Until Chrome came along, Google's Master Mobile Plan didn't quite add up. Now it does. Chrome -- Google's new superbrowser -- is cream on the top of a new mobile software stack. Let's call it GACL, for Gears, Android and Chrome on Linux. Gears is a way to run Web apps on desktops and store data locally as well as in the cloud. Android is a development framework for Linux-based mobile devices. Chrome is a browser, but not just for pages. Chrome also runs apps. In that respect, it's more than the UI-inside-a-window that all browsers have become. It's essentially an operating system.

For those of us old enough to remember, Chrome's symbol calls to mind Simon, one of the earliest electronic game toys with a digital brain:

You can't play with Chrome on Linux yet, but when Google promises a product on multiple platforms, it generally delivers soon enough. (And, as Marcel just pointed out , there are already ways for Linux folken to jump early on the bandwagon.) Android phones haven't hit the beach in waves yet either, but count on that too.

Then what?

Well, then the game changes. Remember back when Marc Andreessen raised Microsoft's hackles by saying Netscape would "reduce Windows to a set of poorly debugged device drivers"? Netscape failed to do that, but Google won't. It's not just that Google is Netscape II, it's that Google has a platform here. At the bottom that platform is the OS of your choice. At the top is a browser built from the start to run apps and not just pages.

Chrome is not in a "browser war" with Firefox and Internet Explorer. It's a different animal. As Nick Carr puts it, "(Google's) real goal, embedded in Chrome's open-source code, is to upgrade the capabilities of all browsers so that they can better support (and eventually disappear behind) the applications. The browser may be the medium, but the applications are the message."

Will Google upgrade its current apps and introduce new ones that run best or only in Chrome and Chrome-compatible browsers? Count on it. Yesterday at Blog World Expo a user told me that Gears running in Firefox (as an add-in) made Gmail fly.

But the real sweet spot here isn't computers. It's mobile phones. Here's how David Berlind puts it:

By offering mobile developers an alternative way for making their mobile applications run on handsets, even when no wireless connection exists, Google is paving the way for developers to build browser-based applications that can run on any mobile platform, as opposed to having to build separate versions of their applications in order to support those same mobile platforms.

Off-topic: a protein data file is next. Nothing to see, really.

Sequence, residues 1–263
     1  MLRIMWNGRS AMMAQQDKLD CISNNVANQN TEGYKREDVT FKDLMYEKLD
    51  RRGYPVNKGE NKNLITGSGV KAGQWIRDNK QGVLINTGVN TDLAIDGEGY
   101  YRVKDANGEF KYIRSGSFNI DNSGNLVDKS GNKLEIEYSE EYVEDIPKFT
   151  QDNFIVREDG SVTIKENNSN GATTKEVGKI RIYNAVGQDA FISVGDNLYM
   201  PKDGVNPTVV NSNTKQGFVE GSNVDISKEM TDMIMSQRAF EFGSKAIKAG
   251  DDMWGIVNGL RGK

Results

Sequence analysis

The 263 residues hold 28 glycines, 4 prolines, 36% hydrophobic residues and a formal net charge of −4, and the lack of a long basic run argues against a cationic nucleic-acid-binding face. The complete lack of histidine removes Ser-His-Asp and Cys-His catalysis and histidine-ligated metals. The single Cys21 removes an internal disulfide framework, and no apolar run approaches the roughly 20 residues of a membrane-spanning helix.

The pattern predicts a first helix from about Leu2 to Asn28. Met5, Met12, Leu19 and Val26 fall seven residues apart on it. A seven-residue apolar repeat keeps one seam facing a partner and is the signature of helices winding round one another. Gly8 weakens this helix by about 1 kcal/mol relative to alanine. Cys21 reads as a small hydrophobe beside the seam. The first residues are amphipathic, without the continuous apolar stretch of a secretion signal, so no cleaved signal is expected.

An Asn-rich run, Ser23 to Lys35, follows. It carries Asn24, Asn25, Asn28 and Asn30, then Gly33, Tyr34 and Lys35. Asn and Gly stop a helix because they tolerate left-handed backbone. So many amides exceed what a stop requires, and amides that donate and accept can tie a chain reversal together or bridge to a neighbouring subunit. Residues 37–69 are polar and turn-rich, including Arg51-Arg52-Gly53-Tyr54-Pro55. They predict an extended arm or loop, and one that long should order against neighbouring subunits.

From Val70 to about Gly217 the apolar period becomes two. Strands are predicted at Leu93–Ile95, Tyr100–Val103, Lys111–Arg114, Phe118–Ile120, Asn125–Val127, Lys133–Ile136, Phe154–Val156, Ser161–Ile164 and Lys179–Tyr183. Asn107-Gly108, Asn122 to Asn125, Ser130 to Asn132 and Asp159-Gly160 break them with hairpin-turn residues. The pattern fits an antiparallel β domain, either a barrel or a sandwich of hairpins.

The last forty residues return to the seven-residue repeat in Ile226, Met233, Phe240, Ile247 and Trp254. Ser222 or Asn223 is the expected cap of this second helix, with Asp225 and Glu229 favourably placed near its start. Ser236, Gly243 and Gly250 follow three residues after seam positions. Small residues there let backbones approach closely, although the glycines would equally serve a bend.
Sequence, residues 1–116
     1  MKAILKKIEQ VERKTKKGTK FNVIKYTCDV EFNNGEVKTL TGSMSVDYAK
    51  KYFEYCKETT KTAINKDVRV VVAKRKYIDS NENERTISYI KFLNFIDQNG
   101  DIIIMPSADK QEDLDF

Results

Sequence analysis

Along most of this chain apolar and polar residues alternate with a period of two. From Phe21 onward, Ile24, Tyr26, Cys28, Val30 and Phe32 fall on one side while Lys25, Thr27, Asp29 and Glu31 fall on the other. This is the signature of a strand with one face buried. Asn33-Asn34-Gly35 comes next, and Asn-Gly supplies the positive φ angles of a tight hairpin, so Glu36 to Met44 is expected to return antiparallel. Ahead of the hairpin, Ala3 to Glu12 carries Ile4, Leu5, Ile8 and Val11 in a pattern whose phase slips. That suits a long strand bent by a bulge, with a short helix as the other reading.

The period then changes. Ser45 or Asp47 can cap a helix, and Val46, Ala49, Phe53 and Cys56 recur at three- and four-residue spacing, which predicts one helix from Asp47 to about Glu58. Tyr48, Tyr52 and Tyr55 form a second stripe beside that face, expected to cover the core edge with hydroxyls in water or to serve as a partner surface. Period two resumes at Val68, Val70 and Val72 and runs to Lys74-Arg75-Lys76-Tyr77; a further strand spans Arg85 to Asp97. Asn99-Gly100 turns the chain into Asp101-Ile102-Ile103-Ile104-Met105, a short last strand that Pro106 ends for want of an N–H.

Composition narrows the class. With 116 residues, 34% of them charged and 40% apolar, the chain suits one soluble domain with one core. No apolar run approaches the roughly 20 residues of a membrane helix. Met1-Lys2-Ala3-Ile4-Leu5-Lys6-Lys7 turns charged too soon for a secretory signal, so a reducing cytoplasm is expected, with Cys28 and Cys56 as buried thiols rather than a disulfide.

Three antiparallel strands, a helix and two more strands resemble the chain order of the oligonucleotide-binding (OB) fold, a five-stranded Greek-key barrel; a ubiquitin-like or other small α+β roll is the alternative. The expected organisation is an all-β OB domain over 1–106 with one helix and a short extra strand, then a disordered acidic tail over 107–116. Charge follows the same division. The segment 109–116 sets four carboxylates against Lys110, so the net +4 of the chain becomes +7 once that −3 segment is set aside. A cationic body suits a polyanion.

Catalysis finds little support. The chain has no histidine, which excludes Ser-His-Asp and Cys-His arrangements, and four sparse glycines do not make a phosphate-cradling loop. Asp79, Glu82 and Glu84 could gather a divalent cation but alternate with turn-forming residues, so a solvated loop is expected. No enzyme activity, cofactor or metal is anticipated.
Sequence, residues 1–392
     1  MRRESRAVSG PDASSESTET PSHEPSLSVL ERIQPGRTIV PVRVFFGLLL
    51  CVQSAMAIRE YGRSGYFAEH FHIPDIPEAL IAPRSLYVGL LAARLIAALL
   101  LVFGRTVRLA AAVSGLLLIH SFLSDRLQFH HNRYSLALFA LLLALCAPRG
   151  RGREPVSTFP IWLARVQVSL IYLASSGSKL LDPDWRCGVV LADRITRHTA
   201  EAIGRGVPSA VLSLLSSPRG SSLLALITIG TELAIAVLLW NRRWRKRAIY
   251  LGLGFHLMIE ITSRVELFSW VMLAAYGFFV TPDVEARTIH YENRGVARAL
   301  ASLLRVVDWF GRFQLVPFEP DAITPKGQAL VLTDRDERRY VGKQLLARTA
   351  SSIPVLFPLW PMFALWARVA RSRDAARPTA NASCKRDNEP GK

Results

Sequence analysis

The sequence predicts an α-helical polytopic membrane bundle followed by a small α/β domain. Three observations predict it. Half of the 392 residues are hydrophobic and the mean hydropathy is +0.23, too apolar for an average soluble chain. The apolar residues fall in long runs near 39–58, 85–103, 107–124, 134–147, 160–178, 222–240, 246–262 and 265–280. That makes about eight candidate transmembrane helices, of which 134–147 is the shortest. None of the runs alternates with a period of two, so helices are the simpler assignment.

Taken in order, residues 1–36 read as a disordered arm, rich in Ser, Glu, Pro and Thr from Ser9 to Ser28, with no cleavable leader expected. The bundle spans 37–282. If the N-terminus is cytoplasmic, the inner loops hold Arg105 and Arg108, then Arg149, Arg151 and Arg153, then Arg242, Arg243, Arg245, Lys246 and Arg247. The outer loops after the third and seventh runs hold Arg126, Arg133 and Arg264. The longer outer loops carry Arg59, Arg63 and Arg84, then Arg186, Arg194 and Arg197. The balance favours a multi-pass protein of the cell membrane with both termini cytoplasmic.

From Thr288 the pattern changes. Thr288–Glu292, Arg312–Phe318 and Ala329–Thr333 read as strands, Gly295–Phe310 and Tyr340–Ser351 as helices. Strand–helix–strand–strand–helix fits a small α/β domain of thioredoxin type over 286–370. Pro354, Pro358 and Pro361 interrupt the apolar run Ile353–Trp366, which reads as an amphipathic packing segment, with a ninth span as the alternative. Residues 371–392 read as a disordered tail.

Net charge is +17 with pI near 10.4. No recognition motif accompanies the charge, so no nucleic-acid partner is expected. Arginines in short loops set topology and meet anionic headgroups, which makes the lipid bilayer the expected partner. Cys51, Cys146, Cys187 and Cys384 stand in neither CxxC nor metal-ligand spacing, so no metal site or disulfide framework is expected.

What Google's doing with GACL is opening up the Net. Everything Google does to improve the Net's infrastructure — from investing in fiber backbones to building "cloud" servers, apps and services — widens the range of what people can do on the Net. Nick Carr again:

I think Google is motivated by something much larger than its congenital hatred of Microsoft. It knows that its future, both as a business and as an idea (and Google's always been both), hinges on the continued rapid expansion of the usefulness of the Internet, which in turn hinges on the continued rapid expansion of the capabilities of web apps, which in turn hinges on rapid improvements in the workings of web browsers.

Nick calls Chrome "the first cloud browser", and perhaps it is.

Now look at the success Apple is having with the closed and proprietary iPhone, which is essentially a data device on which telephony is just one application among countless others. What happens when the best-debugged devices are driven by GACL, without limitations imposed by any one company's lock-ins?

Dig this: Motley Fool reports,

When Deutsche Telekom's (NYSE: DT) T-Mobile launches the first Android handset next Wednesday, the Android app store will be fully stocked with its own user-friendly applications. Google hosted a programming competition with a total of $10 million in prizes to ensure that there would be top-notch applications available on Day One. The Android team wants a "vibrant third-party developer community," and here's the kicker — all of the app store revenue will be passed on to the developers. Google keeps nothing. (Apple takes 30% of all revenue from its App Store offerings; developers get the other 70%.)

It's open season for developers, and an open market for everybody.


Doc Searls is the Editor in Chief of Linux Journal


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Flash support

Misafir's picture

It's building up to be a battle between Google, Yahoo, and Apple with open standards in one corner, and Adobe with Flash (proprietary standard) in the other corner. This is why you will never see Flash support in an iPhone.

I think that google Chrome

Tom8787's picture

I think that google Chrome is cool innovation. I am using it right now and I am more than happy with it.


LOL I can remember having

Andy Linfield's picture

LOL I can remember having one of the toys as a kid. I feel old! Just a reminder how fast technology moves.

Andy (Vacuum Cleaner Webmaster)

Developers do not get all the revenue

Anonymous's picture

I just signed up for a developer account on the android marketplace. Developers do not get all the revenue, we pay 30% in a "Transaction Fee".


The above link is from the Android Developer Distribution Agreement (Section 3.2)

Getting schooled

Doc Searls's picture

I love this. It takes Mike Arrington to school, but me too, in a way. :-)

Doc Searls is the Editor in Chief of Linux Journal

GACL=DIGG=Nice Marketing

Vahe 's picture